Edited on: November 23, 2010 8:06 pm
 

Brewers offer Hoffman arbitration

Hoffman The Milwaukee Brewers offered Trevor Hoffman arbitration, but Adam McCalvy of MLB.com reports that Hoffman has agreed to decline arbitration.

Hoffman is a Type B free agent, so Milwaukee will net a compensatory pick if he signs elsewhere. The career leader in saves has indicated he will only play in 2011 if he is the closer, which he be in Milwaukee if he chose to return.

In other arbitration news:
  • Cliff Lee has unsurprisingly been offered arbitration along with fellow Type-A free agent Frank Francisco, which could chill Francisco's market. Vladimir Guerrero and Bengie Molina both saw their market increase with no offers of arbitration as MLB.com reports.
  • The Orioles have declined to offer arbitration to Koji Uehara, who may be among the most coveted relievers since he is extremely productive, is stingy with walks and will come on a one-year pact most likely. It's unlikely that Kevin Millwood is offered arbitration as the Baltimore Sun outlines, and if the Sun is to be believed, Millwood won't have a problem finding a job. The Rockies and Royals appear to be the farthest along in contract discussions.
  • Derrek Lee won't be back in Atlanta as the club will not offer arbitration to the Type-A free agent. Offering arbitration would have near guaranteed Lee's return, and the first-base job belongs to Freddie Freeman as the Atlanta Journal-Constitution notes.
  • The Diamondbacks will offer arbitration to Aaron Heilman and Adam LaRoche (both Type B free agents). It is possible LaRoche could accept and return as first baseman.
  • The Rays cut ties with Dan Wheeler (Type A) and Carlos Pena (Type B) as the St. Petersburg Times says, but did tender offers to Type A's in Carl Crawford, Grant Balfour and Rafael Soriano. They also offered to Type B's in Joaquin Benoit, Randy Choate, Brad Hawpe and Chad Qualls. Some of these Type B offers certainly have gentleman's agreements to decline, while Benoit is a Tiger and is already assured of giving Tampa a draft pick.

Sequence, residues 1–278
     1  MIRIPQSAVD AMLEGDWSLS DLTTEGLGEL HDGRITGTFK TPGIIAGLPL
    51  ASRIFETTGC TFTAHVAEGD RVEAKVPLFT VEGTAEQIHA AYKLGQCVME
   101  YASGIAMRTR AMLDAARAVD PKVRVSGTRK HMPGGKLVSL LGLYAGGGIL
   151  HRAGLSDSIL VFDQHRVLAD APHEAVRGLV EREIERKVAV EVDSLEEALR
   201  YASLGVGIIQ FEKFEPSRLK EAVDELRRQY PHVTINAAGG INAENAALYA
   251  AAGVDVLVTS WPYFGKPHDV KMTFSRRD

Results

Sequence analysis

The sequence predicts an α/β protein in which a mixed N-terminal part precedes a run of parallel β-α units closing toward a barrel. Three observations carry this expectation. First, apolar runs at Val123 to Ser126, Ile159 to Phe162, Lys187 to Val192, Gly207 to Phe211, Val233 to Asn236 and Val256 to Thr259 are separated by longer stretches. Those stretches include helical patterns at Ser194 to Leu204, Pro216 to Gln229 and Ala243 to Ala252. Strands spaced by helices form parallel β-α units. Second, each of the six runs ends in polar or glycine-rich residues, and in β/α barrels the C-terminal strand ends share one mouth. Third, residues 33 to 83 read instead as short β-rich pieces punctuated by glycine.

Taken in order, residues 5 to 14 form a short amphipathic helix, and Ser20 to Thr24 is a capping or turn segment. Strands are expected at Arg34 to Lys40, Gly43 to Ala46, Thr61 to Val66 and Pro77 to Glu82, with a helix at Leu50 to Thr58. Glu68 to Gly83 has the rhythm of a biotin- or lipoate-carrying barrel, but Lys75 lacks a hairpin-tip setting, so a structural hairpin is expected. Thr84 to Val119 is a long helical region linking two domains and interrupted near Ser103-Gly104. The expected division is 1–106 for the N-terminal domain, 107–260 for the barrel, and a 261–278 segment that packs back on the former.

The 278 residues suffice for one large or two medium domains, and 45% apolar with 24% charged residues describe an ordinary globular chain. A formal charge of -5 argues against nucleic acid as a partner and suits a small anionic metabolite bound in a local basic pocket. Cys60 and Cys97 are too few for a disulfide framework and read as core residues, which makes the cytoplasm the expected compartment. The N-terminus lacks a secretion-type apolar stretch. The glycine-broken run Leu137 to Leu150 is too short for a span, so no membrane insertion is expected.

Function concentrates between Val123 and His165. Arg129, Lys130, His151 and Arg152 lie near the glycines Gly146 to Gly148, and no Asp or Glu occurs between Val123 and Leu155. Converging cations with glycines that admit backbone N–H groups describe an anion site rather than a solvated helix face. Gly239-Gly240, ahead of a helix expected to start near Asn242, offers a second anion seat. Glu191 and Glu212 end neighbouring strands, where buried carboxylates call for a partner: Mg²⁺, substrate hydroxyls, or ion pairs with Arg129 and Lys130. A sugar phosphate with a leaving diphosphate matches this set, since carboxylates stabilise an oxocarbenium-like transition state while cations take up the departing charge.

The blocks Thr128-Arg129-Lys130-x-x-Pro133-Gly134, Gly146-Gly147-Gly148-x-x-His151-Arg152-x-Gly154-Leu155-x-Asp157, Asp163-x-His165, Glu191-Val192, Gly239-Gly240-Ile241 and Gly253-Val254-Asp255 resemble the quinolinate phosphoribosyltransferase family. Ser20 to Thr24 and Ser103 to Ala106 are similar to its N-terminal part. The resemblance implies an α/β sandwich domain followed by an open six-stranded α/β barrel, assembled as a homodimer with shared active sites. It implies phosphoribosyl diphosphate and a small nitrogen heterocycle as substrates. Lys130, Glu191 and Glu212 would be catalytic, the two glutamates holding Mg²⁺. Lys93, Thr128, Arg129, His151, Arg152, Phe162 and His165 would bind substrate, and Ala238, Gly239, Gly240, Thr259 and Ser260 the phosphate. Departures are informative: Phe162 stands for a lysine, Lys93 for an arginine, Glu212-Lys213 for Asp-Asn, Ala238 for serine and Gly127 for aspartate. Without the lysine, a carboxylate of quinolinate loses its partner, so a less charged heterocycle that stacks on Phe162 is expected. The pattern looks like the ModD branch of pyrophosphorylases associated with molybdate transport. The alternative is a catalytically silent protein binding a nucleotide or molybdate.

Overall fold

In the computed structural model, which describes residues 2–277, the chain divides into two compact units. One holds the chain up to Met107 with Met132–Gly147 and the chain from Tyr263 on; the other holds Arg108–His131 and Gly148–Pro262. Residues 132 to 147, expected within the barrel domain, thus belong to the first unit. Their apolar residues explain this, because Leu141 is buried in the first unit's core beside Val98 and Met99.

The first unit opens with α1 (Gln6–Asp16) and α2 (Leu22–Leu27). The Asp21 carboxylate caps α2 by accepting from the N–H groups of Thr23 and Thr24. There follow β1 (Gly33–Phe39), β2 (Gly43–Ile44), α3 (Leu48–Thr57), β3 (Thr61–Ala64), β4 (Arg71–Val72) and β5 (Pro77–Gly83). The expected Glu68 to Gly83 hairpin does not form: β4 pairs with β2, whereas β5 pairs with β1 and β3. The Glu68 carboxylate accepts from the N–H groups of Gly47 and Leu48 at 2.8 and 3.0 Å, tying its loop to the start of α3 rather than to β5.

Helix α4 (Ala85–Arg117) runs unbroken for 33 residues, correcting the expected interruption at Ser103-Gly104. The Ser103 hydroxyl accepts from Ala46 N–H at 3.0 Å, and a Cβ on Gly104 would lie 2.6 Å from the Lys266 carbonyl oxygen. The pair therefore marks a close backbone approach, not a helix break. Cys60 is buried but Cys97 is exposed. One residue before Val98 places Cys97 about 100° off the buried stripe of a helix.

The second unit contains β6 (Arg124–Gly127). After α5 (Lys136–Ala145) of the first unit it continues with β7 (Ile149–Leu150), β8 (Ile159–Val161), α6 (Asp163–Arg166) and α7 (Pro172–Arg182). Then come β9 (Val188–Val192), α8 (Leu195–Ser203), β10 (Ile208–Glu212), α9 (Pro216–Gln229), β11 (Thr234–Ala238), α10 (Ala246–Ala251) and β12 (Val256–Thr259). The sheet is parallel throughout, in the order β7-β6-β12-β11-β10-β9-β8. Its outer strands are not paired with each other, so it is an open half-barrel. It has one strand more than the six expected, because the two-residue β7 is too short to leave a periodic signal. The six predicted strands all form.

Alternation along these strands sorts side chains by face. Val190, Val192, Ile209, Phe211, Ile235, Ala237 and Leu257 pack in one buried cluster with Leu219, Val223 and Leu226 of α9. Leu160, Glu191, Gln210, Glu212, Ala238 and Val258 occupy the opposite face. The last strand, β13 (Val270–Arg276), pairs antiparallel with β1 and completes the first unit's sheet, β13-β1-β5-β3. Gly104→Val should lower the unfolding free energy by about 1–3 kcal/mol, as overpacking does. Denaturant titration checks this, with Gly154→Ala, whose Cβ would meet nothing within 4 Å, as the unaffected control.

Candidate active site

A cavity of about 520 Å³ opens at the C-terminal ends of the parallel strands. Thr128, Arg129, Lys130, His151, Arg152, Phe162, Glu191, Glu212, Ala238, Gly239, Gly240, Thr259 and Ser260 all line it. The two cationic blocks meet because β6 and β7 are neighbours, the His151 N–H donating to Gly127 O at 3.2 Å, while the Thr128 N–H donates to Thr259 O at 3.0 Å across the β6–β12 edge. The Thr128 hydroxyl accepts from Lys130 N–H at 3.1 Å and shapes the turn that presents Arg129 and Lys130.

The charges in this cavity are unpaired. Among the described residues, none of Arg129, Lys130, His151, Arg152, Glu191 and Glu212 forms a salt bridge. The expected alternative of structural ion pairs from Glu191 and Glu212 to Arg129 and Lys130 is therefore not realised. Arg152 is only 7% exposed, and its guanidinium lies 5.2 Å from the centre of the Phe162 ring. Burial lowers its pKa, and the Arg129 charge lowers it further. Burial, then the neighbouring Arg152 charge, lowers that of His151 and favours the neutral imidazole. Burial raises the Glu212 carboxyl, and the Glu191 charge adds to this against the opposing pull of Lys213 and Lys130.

• The Angels have announced DH Hideki Matsui won't be offered arbitration. The A's are thought to be contenders for Matsui's services.
  • The Denver Post has arbitration offers from Colorado out to Jorge de la Rosa (Type A) and Octavio Dotel (Type B).

-- Evan Brunell

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Posted on: November 9, 2010 7:58 pm
Edited on: November 9, 2010 9:29 pm
 

Hoffman eyeing D-Backs?

Trevor Hoffman Trevor Hoffman has repeatedly said he'd like to find a closer's spot for 2011 and in lieu of that, he could retire.

On Monday, Evan predicted four possible landing spots , and Hoffman must have been reading, as he mentioned Evan's No. 1 possibility -- the Arizona Diamondbacks.

"I've known [Arizona general manager Kevin Towers] for such a long time and I figured having a little history there would help," Hoffman told MLB.com's Barry Bloom . "But I don't know. I'm coming off a tough year. I don't know if people are going to be turned off by that or not. I hope the strong second half I had will compensate."

Hoffman's agent, Rick Thurman, told Bloom he hasn't talked directly with Towers yet, but has discussed relievers with the team. Thurman also represents Brian Fuentes, Arthur Rhodes, Will Ohman, Octavio Dotel and Chan-Ho Park.

"We just kind of glazed over the topic of Trevor," Thurman said. "They're looking for a closer. They need a lot of pitching. They're looking for back end relief help."

UPDATE: Towers tells Nick Piecoro of the Arizona Republic that he hasn't spoken to Hoffman or Thurman, but will certainly listen.

"You'd be nuts if you didn't at least consider somebody like Trevor Hoffman," Towers told Piecoro (via Twitter ).

-- C. Trent Rosecrans

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The views expressed in this blog are solely those of the author and do not reflect the views of CBS Sports or CBSSports.com